Computer technology impacts each and every one of us every second of every day, but we rarely stop to think about the enormous implications of this. Advances in IT occur so rapidly that it is impossible for legislation to keep up, and appellate guidance lags even further behind.

The principal criminal legislation is contained in the Computer Misuse Act 1990. In 1990, a top of the range desktop computer had a 20MB hard disk. Tim Berners-Lee had only just invented HTML (the foundation of the modern internet). There have been a few, poorly thought-out amendments to the CMA since then, but it remains fundamentally unchanged.

Consider the following two scenarios:

  1. You find and read your partner’s written diary – morally questionable, but entirely legal
  2. Your partner leaves their phone on the coffee table and you have a look at their WhatsApp messages – you commit an offence punishable by 2 years imprisonment.

The same two acts, but when one involves unauthorised access to data contained on a computer, that’s a crime.

If you alter such data, things become much more serious. Consider this:

  1. After a drunken Christmas party, you decide to tell your boss exactly what you think of him. You write him a letter and leave it on his desk. The following morning, when you sober up, you regret this, arrive at work early and tear up the letter. This is entirely legal
  2. Same situation, only you put your thoughts in an email. Your boss has left his login details on a Post-It note stuck to his monitor, so the following morning you access his account and delete last night’s email. You commit an offence punishable by 10 years imprisonment.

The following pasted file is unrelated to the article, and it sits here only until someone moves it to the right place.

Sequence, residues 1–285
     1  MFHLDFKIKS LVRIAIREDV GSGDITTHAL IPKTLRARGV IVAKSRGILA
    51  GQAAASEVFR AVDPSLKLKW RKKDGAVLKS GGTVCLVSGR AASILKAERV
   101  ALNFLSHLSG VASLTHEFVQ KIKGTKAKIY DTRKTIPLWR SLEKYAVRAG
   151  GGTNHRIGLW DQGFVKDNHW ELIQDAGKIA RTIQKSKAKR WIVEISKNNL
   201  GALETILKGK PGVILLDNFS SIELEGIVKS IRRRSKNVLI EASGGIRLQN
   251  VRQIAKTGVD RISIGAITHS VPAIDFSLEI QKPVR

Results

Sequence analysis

The stakes become so much higher due to the involvement of digital technology.

Cybercrime encompasses a huge range of offences, e.g. hacking, unauthorised access, intellectual property infringement, illegal file content. But in almost every criminal investigation, IT evidence plays a major role, i.e. phone contents, internet search history, encrypted communications.

Presentation of these cases requires expert knowledge, both to prosecute and defend. As George Bernard Shaw said: “All professions are conspiracies against the laity”, and nowhere is that truer than in the field of computer forensics.

It is all too easy to be overawed by technical jargon, but experience has shown that there are several ways in which, with the right level of expertise, successful challenges can be made to the evidence of so-called “experts”. It is vital, when dealing with a case involving computer evidence, to ensure that you have knowledgeable, expert advice in order to deal with this fast-moving area of law.

For more information please contact our clerks on 020 7404 1881 or via email to We will discuss your case with you and then arrange the right representation for your matter.

Cybercrime Barristers

Robert Bryan

Call 1992

Jonathan Green

Call 1993

John McNally

Call 1996

Lynne Shirley

Call 2002

Unyime Davies

Unyime Davies

Call 2006

Helen Easterbrook

Call 2011

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